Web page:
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Ergenekon occupation

Tuesday 9 September 2008, by Kerem Balci

Mental occupation is the worst of all occupations. Territorial occupation hits the territories occupied and their inhabitants. Mental occupation hits the interlocutors of all communications created by the occupied mind. Territorial occupation creates its own resistance; the dynamics that will bring its end are part of its own definition. Mental occupation reproduces itself through resistance to it.

It uses the energy of its enemies, of the freedom fighters. Territorial occupation usurps the capacities of the occupied to the point the occupier wants; mental occupation usurps the mental capital of the occupied as long as the occupied does not resist his/her own instincts to occupy his/her mind with the occupation.

For some time the Ergenekon terrorist organization has been occupying the country mentally. The bulk of this country’s mental production is being wasted by discussions that will produce nothing meaningful. We all speak about Ergenekon. I have been visiting cities in Anatolia for some time now, and all the people want to know about Ankara is, “What will happen with this Ergenekon?”

I am not advocating silence and pacifism in the face of Ergenekon or any other illegal organization. I am worried that mental occupation is, first of all, legitimizing the existence of Ergenekon, and second, that it is wasting the energy of this country’s liberal and democratic forces, as most of the “forerunning mentally occupied” had not analyzed the dynamics of the occupation at all.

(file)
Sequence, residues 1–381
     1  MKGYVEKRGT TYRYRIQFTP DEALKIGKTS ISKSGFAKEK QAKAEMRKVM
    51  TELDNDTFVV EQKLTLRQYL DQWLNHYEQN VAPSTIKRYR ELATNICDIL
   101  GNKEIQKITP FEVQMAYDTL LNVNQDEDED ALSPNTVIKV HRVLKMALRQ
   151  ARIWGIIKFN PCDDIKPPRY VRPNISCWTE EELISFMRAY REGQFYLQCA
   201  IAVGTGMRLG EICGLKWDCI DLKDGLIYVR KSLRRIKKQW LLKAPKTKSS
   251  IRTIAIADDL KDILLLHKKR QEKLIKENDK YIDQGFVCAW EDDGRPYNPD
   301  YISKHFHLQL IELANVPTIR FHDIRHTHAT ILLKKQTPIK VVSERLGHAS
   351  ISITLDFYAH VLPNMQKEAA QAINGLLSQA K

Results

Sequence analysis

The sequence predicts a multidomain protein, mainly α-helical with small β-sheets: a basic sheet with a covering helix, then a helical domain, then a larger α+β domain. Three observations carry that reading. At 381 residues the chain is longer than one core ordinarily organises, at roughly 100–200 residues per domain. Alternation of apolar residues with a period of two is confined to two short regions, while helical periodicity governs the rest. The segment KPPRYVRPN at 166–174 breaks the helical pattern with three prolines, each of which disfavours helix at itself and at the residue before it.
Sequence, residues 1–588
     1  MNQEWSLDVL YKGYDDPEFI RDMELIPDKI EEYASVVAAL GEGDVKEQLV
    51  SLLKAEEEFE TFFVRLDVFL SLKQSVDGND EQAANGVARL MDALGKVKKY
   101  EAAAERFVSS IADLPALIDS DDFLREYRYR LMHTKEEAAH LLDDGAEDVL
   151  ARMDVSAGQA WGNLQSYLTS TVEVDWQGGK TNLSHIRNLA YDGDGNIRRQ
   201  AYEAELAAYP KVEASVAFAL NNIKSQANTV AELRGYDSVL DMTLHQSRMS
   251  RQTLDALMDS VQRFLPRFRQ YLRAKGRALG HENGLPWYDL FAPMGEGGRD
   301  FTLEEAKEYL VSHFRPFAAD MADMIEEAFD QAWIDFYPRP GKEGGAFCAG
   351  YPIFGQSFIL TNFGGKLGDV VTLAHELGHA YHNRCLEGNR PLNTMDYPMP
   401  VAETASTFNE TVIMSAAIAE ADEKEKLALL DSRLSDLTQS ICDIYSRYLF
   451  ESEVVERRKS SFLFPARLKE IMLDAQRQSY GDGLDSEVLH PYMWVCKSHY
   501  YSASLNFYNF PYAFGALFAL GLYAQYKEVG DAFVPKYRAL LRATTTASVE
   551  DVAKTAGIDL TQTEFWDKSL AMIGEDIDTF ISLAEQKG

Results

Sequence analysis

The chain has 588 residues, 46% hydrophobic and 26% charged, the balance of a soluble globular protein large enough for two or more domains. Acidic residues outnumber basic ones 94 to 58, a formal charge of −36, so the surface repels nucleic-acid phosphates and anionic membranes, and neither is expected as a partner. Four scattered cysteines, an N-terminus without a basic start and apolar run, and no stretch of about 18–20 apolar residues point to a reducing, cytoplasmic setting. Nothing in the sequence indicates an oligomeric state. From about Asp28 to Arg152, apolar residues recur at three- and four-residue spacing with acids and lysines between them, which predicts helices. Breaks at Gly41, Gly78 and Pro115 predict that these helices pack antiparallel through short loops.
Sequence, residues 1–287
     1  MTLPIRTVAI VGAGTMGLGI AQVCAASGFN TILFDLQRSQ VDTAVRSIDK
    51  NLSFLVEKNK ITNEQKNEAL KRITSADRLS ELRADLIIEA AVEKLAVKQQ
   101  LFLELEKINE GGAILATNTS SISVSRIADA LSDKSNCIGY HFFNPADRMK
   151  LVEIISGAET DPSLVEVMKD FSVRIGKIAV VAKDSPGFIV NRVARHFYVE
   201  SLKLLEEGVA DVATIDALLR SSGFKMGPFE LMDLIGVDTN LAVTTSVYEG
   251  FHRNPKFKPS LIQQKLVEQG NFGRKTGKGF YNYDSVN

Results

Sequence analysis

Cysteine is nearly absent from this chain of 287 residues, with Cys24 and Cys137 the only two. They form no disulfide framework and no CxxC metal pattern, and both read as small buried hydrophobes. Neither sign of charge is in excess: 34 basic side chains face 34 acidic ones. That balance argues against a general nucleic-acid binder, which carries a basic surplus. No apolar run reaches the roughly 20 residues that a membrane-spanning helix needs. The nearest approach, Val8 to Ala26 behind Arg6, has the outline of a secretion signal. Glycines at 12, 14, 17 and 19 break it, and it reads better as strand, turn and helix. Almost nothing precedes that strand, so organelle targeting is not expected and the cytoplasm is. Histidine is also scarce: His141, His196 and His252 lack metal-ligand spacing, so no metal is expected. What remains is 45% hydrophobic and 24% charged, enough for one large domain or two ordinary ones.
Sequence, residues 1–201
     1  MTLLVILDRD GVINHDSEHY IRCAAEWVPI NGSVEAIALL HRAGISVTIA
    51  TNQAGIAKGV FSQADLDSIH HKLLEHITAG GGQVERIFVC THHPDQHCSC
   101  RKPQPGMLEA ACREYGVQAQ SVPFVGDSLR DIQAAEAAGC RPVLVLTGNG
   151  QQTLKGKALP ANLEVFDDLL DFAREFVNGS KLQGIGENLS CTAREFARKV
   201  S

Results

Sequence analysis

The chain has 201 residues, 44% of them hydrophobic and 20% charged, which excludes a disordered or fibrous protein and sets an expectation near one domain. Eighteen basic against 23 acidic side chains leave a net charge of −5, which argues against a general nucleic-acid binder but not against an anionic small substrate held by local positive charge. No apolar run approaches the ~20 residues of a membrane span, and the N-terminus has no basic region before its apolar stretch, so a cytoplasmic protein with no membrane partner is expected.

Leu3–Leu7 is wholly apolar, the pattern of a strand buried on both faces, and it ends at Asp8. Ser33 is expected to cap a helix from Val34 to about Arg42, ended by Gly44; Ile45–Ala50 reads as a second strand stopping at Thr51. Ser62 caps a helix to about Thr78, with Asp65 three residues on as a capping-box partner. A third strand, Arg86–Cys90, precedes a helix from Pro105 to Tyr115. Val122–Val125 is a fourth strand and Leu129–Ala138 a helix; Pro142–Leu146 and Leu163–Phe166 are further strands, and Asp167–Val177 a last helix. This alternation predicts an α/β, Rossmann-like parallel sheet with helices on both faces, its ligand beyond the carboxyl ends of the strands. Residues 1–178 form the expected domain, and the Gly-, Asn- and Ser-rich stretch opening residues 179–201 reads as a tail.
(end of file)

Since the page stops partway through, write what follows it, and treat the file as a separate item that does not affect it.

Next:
The worst symptom of mental occupation is this: A columnist sits in front of his/her computer, cannot find anything meaningful to write about, and decides in the end to write yet another piece about Ergenekon. That is voluntary mental occupation of a mind that could have told the readers something constructive.

Speaking and writing about Ergenekon is a necessary part of increasing public awareness about this evil establishment. But over-writing with weak content does the reverse.

Mental occupation may lead to a shift in the paradigm, or even to its collapse. Paradigm is the mental-reasoning space where all intellectual activities take place. It provides for the laws of cognitive nature through which our mental worlds are shaped. And this is done through a linguistic interaction of thinking minds. Intellectuals, academicians, journalists and statesmen add and subtract elements from the overall body of the paradigm, and it is shaped and reshaped through combined forces of discourse.

An over-occupation with any concept turns that concept into the raw material of the paradigm. Palestine today lives under Israeli occupation, but the Palestinians all over the world and many Arabs and Muslims live under an occupational paradigm. Whatever their minds produce, whatever their columnists write, whatever their statesmen do, all of these draw their references from the occupation.

Ergenekon should not turn into a reference point of the Turkish paradigm. We should not let our otherwise productive minds become stuck in one black hole and speak and write only about it.

In a recent interview, Serdar Turgut, editor-in-chief of daily Akşam, told Yeni Şafak’s Mehmet Gündem that after Ergenekon, he realized that everything he was made to believe for the last 50 years were lies. This is a brave and honest observation. But we should not turn Ergenekon into our cognitive criteria of the army, the state establishment, the ex-generals, the labor-oriented political parties. It should not change the meanings of our words. It should be kept in our minds as an anomaly that will soon be annihilated.

Even when we speak about the Ergenekon terrorist organization, we should speak from a point of dominance and self-confidence. That is why I try to remind my readership time and again that this is not a simple street gang, this is a terrorist organization; an inferior, an underground, a cowardly organization. That is my way of resisting a mental occupation.

Writing without an element of doing is a waste of ink. It is better to light a candle than to curse the dark.

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Sources

Source : TDZ, 26.08.2008

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